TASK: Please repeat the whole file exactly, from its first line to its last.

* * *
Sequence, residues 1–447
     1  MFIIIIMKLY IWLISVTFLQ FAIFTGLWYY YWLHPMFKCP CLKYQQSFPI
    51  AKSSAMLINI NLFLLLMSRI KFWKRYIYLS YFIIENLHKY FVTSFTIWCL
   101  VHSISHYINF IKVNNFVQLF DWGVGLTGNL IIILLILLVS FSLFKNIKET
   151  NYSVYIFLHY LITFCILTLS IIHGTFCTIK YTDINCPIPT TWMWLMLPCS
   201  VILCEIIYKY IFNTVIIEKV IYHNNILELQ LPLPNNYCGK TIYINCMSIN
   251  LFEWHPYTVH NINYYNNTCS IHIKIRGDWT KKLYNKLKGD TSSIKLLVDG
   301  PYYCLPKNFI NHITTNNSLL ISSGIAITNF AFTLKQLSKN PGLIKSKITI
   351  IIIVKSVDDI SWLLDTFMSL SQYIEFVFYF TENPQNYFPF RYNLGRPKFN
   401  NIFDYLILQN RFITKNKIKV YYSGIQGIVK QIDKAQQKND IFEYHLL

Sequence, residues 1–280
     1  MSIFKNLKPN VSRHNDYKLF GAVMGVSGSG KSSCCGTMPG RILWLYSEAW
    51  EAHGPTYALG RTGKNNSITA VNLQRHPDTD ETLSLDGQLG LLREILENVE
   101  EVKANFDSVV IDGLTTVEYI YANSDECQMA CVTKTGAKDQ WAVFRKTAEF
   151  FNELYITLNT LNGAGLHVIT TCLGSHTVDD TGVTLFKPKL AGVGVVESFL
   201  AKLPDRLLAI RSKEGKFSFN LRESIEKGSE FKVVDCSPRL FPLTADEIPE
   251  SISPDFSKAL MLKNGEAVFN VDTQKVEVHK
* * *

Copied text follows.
Sequence, residues 1–447
     1  MFIIIIMKLY IWLISVTFLQ FAIFTGLWYY YWLHPMFKCP CLKYQQSFPI
    51  AKSSAMLINI NLFLLLMSRI KFWKRYIYLS YFIIENLHKY FVTSFTIWCL
   101  VHSISHYINF IKVNNFVQLF DWGVGLTGNL IIILLILLVS FSLFKNIKET
   151  NYSVYIFLHY LITFCILTLS IIHGTFCTIK YTDINCPIPT TWMWLMLPCS
   201  VILCEIIYKY IFNTVIIEKV IYHNNILELQ LPLPNNYCGK TIYINCMSIN
   251  LFEWHPYTVH NINYYNNTCS IHIKIRGDWT KKLYNKLKGD TSSIKLLVDG
   301  PYYCLPKNFI NHITTNNSLL ISSGIAITNF AFTLKQLSKN PGLIKSKITI
   351  IIIVKSVDDI SWLLDTFMSL SQYIEFVFYF TENPQNYFPF RYNLGRPKFN
   401  NIFDYLILQN RFITKNKIKV YYSGIQGIVK QIDKAQQKND IFEYHLL

Sequence, residues 1–280
     1  MSIFKNLKPN VSRHNDYKLF GAVMGVSGSG KSSCCGTMPG RILWLYSEAW
    51  EAHGPTYALG RTGKNNSITA VNLQRHPDTD ETLSLDGQLG LLREILENVE
   101  EVKANFDSVV IDGLTTVEYI YANSDECQMA CVTKTGAKDQ WAVFRKTAEF
   151  FNELYITLNT LNGAGLHVIT TCLGSHTVDD TGVTLFKPKL AGVGVVESFL
   201  AKLPDRLLAI RSKEGKFSFN LRESIEKGSE FKVVDCSPRL FPLTADEIPE
   251  SISPDFSKAL MLKNGEAVFN VDTQKVEVHK